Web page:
The Innocents (1964)
by Edward D. Radin

Excerpt from Chapter 3 on

James Montgomery

None of the feelings that motivated Judge Frank's desire for justice was present in the notorious prosecution of James Montgomery, who spent twenty-five years in jail for a crime that never happened, railroaded to prison by the personal animosity of the district attorney.

For the start of this case we must go back to the early 1920s in Waukegan, Illinois, at the time a center for Ku Klux Klan activity in that area. James Montgomery was a Negro, hard-working, twenty-six years old, a war veteran, who had managed to amass enough money to purchase his own modest home and buy a second which he rented out.

The prosecutor was a member of the Klan. On the pretext that they were searching for an illegal still or bootleg whisky, members of the prosecutor's staff raided Montgomery's home and wrecked the interior. The damage was so substantial and so obviously out of line of duty that a court directed the prosecutor to pay money damages to Montgomery to repair his home.

The prosecutor's turn came on November 11, 1923, when Mamie Snow, sixty-two, who was considered a harmless mental incompetent and was allowed to peddle shoelaces and similar notions door to door, complained to police that Montgomery had raped her. She was sent to the Victory Memorial Hospital in Waukegan, where she was examined by Dr. John E. Walter. Montgomery was picked up by police and the court record notes twenty-six years later that he was beaten so severely that "scars on his face and head are still visible today." Montgomery denied the charge. The day after his arrest, when Miss Snow confronted Montgomery in the station house, she not only failed to identify him, but she said further that she had never before seen him.

The trial was held in January, 1924, and lasted twenty minutes. The physician who had examined Miss Snow was not called and there was virtually no defense. Montgomery did not take the stand. The defendant was found guilty and sentenced to life imprisonment. Mamie Snow was committed to a mental institution and died there two years later.

In 1947 Luis Kutner, a Chicago attorney who has freed more than a thousand illegally convicted prisoners, was urged to make an investigation into the Montgomery case. His inquiry took more than two years to run down the various witnesses, and then he filed a petition for a writ of habeas corpus before Judge Igoe in the United States District Court in Chicago.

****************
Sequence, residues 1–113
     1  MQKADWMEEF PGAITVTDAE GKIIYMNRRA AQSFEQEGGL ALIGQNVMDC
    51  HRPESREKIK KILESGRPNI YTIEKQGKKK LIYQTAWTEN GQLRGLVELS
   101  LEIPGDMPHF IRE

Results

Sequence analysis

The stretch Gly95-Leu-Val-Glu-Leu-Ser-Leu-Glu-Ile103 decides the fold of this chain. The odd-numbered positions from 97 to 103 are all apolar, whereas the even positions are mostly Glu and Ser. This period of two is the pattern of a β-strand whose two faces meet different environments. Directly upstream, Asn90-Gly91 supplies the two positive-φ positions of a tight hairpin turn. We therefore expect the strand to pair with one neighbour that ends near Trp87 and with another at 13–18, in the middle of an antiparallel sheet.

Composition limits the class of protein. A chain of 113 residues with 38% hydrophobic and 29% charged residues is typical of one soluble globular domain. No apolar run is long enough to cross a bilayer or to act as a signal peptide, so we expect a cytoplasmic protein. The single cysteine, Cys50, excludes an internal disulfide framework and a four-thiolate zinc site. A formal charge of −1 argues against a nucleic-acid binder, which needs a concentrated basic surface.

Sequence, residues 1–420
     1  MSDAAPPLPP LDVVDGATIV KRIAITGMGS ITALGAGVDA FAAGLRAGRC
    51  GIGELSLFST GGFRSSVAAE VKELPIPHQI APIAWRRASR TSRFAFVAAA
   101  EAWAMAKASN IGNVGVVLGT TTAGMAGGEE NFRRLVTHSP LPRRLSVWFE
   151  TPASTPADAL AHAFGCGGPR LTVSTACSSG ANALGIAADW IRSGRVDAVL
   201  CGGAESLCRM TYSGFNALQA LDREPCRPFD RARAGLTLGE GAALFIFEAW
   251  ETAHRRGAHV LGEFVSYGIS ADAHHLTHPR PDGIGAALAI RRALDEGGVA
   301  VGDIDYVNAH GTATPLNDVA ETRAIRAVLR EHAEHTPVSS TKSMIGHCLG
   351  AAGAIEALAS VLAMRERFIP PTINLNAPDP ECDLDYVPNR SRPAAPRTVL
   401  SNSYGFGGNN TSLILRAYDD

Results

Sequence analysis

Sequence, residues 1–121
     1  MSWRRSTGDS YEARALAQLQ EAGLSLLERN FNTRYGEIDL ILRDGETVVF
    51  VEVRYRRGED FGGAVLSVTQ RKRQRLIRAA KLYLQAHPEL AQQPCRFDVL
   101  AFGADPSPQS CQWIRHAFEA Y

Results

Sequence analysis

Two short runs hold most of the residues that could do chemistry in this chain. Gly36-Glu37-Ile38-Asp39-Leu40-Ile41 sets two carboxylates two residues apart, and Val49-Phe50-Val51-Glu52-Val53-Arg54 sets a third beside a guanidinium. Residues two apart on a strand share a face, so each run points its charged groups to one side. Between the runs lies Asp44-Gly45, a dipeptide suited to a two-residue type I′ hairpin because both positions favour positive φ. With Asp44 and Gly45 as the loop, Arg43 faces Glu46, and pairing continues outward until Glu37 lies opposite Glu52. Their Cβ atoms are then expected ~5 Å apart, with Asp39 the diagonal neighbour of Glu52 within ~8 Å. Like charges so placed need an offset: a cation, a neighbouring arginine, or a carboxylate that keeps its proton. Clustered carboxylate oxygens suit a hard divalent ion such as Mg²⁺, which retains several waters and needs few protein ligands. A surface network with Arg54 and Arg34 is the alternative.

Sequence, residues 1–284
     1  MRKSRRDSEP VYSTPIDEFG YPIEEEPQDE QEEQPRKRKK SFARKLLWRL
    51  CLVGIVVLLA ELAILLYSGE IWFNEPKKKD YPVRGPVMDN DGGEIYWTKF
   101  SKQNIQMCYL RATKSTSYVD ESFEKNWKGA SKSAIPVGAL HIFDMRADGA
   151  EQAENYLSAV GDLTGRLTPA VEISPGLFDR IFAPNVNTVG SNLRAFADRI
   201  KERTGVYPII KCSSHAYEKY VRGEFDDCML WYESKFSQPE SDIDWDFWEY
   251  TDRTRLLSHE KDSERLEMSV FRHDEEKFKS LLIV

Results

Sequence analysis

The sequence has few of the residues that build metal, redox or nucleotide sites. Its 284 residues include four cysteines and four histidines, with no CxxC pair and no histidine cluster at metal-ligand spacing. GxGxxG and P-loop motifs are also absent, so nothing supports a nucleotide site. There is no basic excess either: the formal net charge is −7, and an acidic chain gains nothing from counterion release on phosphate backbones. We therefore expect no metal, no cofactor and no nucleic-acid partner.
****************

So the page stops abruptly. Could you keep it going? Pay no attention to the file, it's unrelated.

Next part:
Among the facts that Kutner established was that Mamie Snow had never been raped. The medical examination had shown that she was a virgin; the doctor's report had been submitted to police and to the prosecutor.

The defense counsel had been warned by Klan members not to put up any kind of defense for Montgomery. Even though he had twelve witnesses to prove that Montgomery had been miles away at the time of the alleged attack, the lawyer feared for his life and did not call these witnesses. In addition, the prosecutor personally threatened Montgomery with Klan reprisal if he should take the stand in his own defense. After his arrest, when Montgomery wanted a preliminary hearing in order to be released on bail, the prosecutor frightened him off by saying the Klan would get him if he were released.

Dr. Walter testified at the hearing before Judge Igoe, producing his records made at the time of the hospital examination of Miss Snow.

The court spent six weeks studying the evidence in the case. Judge Igoe lashed out at the conduct of the prosecutor, who was dead, stating that he knew the charge was false and had wrongfully used it to convict Montgomery.

"A prosecutor is supposed to be an impartial representative of public justice," Judge Igoe said. "The methods employed by the prosecutor at Lake County in 1924 represents as shocking a situation as was ever before presented before this court. A society cannot inspire respect for the law by withholding its protection from those accused of crimes . . . There is one way to stop a practice that has become altogether too common and that is to bring it to a conscious level where the public can scrutinize it and take such steps as are necessary to insure a true rendition of justice to all . . . There was no trial here but a sham, one of false pretenses and fraud."

Montgomery was released in August, 1949. Although he brought suit against the state for his illegal conviction and imprisonment, the Illinois Court of Claims refused to make any payment on the ground that the prosecutor was a county official and the state had no responsibility for his conduct. For many years after that legislation was introduced to compensate Montgomery, but no bill succeeded in passing.